Justin Marozzi NOT QUITE WORLD'S END: A TRAVELLER'S TALES by John Simpson Macmillan, £20, pp. 461, ISBN 9781405050005 £16 (plus £2.45 p&p) 0870 429 6655 Volume five — or is it...

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A march that has lost momentum

The Spectator

Edward Skidelsky TOWARDS THE LIGHT by A. C. Grayling Midas, £20, pp. 335, ISBN 9780747583868 £16 (plus £2.45 p&p) 0870 429 6655 D , not judge a book by its cover' is not a...

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What's become of Baring?

The Spectator

Piers Paul Read MAURICE BARING: LETTERS selected and edited by Jocelyn Hillgarth and Julian Jeffs Michael Russell, £15.95, pp. 160, ISBN 9780859553094 £12.79 (plus £2.45 p&p)...

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How sacred is Shakespeare?

The Spectator

Acouple of weeks ago I was at the Wigtown Book festival where I had been invited to give the first Magnus Magnusson Memorial Lecture. Magnus had been a great supporter of this...

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The new seekers

The Spectator

David Jennings argues that Web 2.0 will enrich our cultural lives immeasurably 1 n Version 2.0 of George Orwell's Nineteen Eighty-Four, Winston Smith will have a 'preferred...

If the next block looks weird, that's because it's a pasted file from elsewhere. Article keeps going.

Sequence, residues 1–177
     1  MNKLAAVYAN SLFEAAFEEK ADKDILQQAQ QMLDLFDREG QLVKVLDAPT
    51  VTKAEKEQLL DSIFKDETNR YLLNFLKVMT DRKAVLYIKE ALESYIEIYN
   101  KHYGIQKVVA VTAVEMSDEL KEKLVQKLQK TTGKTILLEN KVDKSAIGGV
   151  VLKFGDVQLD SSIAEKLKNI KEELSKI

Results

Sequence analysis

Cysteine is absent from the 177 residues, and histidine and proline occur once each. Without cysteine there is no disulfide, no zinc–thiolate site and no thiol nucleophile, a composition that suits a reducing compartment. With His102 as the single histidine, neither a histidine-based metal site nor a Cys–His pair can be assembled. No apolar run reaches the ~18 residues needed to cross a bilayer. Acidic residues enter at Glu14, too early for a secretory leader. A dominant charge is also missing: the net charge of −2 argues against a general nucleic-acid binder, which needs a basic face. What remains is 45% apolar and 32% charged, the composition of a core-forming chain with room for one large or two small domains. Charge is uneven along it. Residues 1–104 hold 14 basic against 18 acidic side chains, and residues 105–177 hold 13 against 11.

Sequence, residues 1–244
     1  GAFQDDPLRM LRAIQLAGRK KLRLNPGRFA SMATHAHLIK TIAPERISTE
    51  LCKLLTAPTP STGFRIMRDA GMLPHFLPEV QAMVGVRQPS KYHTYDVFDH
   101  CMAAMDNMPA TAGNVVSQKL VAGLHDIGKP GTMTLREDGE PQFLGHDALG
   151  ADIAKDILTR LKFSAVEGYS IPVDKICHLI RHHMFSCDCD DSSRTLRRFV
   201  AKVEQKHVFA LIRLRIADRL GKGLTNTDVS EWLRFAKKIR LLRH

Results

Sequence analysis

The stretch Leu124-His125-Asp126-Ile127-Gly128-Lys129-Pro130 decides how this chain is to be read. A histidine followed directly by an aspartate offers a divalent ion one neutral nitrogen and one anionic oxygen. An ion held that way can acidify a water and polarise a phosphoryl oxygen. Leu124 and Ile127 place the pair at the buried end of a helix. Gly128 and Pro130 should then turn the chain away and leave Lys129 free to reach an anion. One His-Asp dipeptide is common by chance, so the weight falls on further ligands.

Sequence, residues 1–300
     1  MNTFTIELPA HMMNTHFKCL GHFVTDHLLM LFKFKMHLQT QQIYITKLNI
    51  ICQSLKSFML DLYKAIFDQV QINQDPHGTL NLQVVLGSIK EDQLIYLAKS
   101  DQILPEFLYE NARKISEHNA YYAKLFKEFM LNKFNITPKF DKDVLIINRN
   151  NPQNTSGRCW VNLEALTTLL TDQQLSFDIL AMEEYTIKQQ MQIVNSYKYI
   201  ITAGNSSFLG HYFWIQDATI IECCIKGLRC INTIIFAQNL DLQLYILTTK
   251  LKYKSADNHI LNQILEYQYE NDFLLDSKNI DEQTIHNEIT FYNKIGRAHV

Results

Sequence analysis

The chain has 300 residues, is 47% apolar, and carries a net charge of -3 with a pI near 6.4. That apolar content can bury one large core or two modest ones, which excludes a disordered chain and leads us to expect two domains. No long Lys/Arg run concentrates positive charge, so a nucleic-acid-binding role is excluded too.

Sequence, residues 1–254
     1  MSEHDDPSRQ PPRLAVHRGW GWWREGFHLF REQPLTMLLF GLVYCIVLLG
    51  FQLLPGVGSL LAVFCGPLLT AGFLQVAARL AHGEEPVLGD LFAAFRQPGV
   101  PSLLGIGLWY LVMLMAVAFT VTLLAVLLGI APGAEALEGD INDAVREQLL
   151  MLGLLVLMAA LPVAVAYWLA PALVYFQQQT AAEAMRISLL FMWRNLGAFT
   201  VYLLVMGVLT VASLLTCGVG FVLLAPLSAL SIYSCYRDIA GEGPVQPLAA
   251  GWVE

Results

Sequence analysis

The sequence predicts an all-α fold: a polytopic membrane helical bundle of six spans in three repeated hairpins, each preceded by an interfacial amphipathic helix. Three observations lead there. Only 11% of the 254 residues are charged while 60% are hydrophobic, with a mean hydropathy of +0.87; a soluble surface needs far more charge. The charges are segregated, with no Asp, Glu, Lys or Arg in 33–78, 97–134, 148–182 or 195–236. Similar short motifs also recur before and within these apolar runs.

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Lost in translation

The Spectator

Andrew Lambirth The Painting of Modern Life Hayward Gallery, until 30 December Any show that sets out to be definitive encourages brickbats and controversy. When Charles...

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Life and conflict

The Spectator

John McEwen Michael Sandie: Allegory and Ref iguration Ludlow Castle and Shuker's Landrover showroom, Ludlow, Shropshire; Frost & Reed, 2-4 King Street, London SW], until 3...

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Happy days

The Spectator

Charles Spencer rr here was a piece in the Telegraph last week claiming that nearly two thirds of people over the age of 50 are happier now than at any previous time in their...

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Mechanical magic

The Spectator

Giannandrea Poesio Transports Exceptionnels Compagnie Beau Geste, Jubilee Gardens Cast No Shadow Sadler's Wells Dance-making has come a long way since the days when a duet was...